Listeria monocytogenes antimicrobial susceptibility testing was performed by disk-diffusion method according to the recommendations for L. monocytogenes of the European Committee on Antimicrobial Susceptibility Testing (EUCAST) (13). Mueller–Hinton agar plates supplemented with 5% of mechanically defibrinated horse blood and 20 mg/L β-NAD (MH-F) were prepared “in-house.” A panel of six antibiotics was tested: benzylpenicillin (1 μg), gentamicin (10 μg), trimethoprim-sulfamethoxazole (1.25 μg/23.75 μg), meropenem (10 μg), erythromycin (15 μg), and ciprofloxacin (5 μg) with Oxoid® disks. Cultures were incubated at 35°C with 5% CO2 for 18–20 h.

Streptococcus pneumoniae ATCC 49619 and Staphylococcus aureus ATCC 25923 were used as quality control strains. L. monocytogenes-specific clinical breakpoints of EUCAST were used for penicillin, meropenem, erythromycin, and trimethoprim-sulfamethoxazole; for gentamicin and ciprofloxacin, interpretation was done according to the clinical breakpoint value for Staphylococcus spp.

Detection of Antimicrobial Resistance Genes

The genomic DNA from three selected human STEC isolates (corresponding to different serogroups, two fully susceptible, and one resistant only to ampicillin) and from all L. monocytogenes isolates was extracted with the DNA blood and tissue kit (Qiagen®) and subjected to whole-genome sequencing by Illumina MiSeq platform with Nextera XT library prep kits (USA) and TruSeq Nano library kit. The reads were de novo assembled with SPAdes version 3.13.1 (14). Genomic sequences of STEC and L. monocytogenes were analyzed for resistance genes using the software ABRicate with the databases ResFinder, CARD, NCBI AMRFinderPlus, and MEGARes (update April 19, 2020). For L. monocytogenes, we also searched for the antimicrobial resistance genes fepA, lde, and penA using BLAST tool because these genes have been reported in these bacteria but were not included in the databases mentioned above.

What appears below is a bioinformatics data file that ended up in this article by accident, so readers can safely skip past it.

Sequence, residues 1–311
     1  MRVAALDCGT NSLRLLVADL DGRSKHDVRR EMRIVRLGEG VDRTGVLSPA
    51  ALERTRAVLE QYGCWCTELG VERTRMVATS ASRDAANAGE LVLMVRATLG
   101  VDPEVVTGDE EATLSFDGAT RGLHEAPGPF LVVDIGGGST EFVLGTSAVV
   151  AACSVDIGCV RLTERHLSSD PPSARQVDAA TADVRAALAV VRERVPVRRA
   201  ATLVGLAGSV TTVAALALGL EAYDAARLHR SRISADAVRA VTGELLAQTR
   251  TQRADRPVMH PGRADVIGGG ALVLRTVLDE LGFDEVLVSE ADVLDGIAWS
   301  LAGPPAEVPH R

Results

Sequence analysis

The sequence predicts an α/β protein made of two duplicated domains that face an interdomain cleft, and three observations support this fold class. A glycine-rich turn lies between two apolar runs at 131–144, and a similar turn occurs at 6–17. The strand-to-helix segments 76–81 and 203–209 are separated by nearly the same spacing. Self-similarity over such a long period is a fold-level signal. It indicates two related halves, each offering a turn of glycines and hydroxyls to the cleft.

Results

Source, Serogroup Distribution, Antimicrobial Resistance, and Resistance Genes Found in STEC

STEC serogroup distribution was as follows: O157 (36 isolates), O26 (3), O145 (2), O45 (1), O103 (1), O111 (1), and O153 (1). Serogroup distribution according to the source is shown in Figure 1.

FIGURE 1
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Figure 1. Distribution of analyzed Shiga toxin-producing Escherichia coli (STEC) serogroups according to the source. Uruguay, 2010−2017.

Four out of 45 STEC analyzed (8.8%) showed resistance to at least one of the antimicrobials tested (O26:H11, 2 isolates; O157:H7, 1 and O111:HNM, 1) (see Table 1).

TABLE 1
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Table 1. Characteristics of resistant Shiga toxin-producing Escherichia coli (STEC) isolates analyzed.

Only one STEC O157 isolate (obtained from beef sample) was resistant (2.8%); on the other hand, three out of the nine non-O157 (32%) analyzed included were resistant. Resistance to ampicillin was observed in all (n = 4) the resistant STEC analyzed; additionally, three isolates were also resistant to trimethoprim-sulfamethoxazole and one to gentamicin (see Table 1).

Resistance genes found in the only sequenced resistant STEC isolate (serogroup O111, isolated from a child with HUS, see Table 1) were aph(3″)-Ib, aph(3′)-Ia, aph(6)-Id, blaTEM−1B, sul2, and tet(A) (minimum identity and coverage of 88%). We did not find these genes in the other two susceptible STEC sequenced (see Supplementary Table 1). One STEC O145:H25 susceptible to all antibiotics tested bears the fosA7 gene, associated with resistance to fosfomycin (see Supplementary Table 1). Also, the three STEC isolates sequenced carried among others the mdfA, mphB, and mef (A) genes.